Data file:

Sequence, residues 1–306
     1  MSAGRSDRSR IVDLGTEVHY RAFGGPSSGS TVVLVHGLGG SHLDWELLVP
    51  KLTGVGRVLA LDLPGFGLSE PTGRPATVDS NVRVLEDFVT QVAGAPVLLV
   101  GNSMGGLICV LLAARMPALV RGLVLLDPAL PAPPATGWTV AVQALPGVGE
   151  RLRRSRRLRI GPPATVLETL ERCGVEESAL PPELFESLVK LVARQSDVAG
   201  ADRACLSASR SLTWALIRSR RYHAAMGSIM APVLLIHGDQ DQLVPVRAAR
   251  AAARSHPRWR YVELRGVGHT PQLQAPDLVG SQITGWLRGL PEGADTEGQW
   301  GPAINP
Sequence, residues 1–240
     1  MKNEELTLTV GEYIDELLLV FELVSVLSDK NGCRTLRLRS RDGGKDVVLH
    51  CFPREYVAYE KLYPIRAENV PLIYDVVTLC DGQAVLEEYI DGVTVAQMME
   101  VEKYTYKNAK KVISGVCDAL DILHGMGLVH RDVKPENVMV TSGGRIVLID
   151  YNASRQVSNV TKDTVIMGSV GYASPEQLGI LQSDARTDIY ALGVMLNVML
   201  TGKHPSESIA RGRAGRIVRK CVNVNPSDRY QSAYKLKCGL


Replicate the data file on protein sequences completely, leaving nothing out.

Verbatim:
Sequence, residues 1–306
     1  MSAGRSDRSR IVDLGTEVHY RAFGGPSSGS TVVLVHGLGG SHLDWELLVP
    51  KLTGVGRVLA LDLPGFGLSE PTGRPATVDS NVRVLEDFVT QVAGAPVLLV
   101  GNSMGGLICV LLAARMPALV RGLVLLDPAL PAPPATGWTV AVQALPGVGE
   151  RLRRSRRLRI GPPATVLETL ERCGVEESAL PPELFESLVK LVARQSDVAG
   201  ADRACLSASR SLTWALIRSR RYHAAMGSIM APVLLIHGDQ DQLVPVRAAR
   251  AAARSHPRWR YVELRGVGHT PQLQAPDLVG SQITGWLRGL PEGADTEGQW
   301  GPAINP
Sequence, residues 1–240
     1  MKNEELTLTV GEYIDELLLV FELVSVLSDK NGCRTLRLRS RDGGKDVVLH
    51  CFPREYVAYE KLYPIRAENV PLIYDVVTLC DGQAVLEEYI DGVTVAQMME
   101  VEKYTYKNAK KVISGVCDAL DILHGMGLVH RDVKPENVMV TSGGRIVLID
   151  YNASRQVSNV TKDTVIMGSV GYASPEQLGI LQSDARTDIY ALGVMLNVML
   201  TGKHPSESIA RGRAGRIVRK CVNVNPSDRY QSAYKLKCGL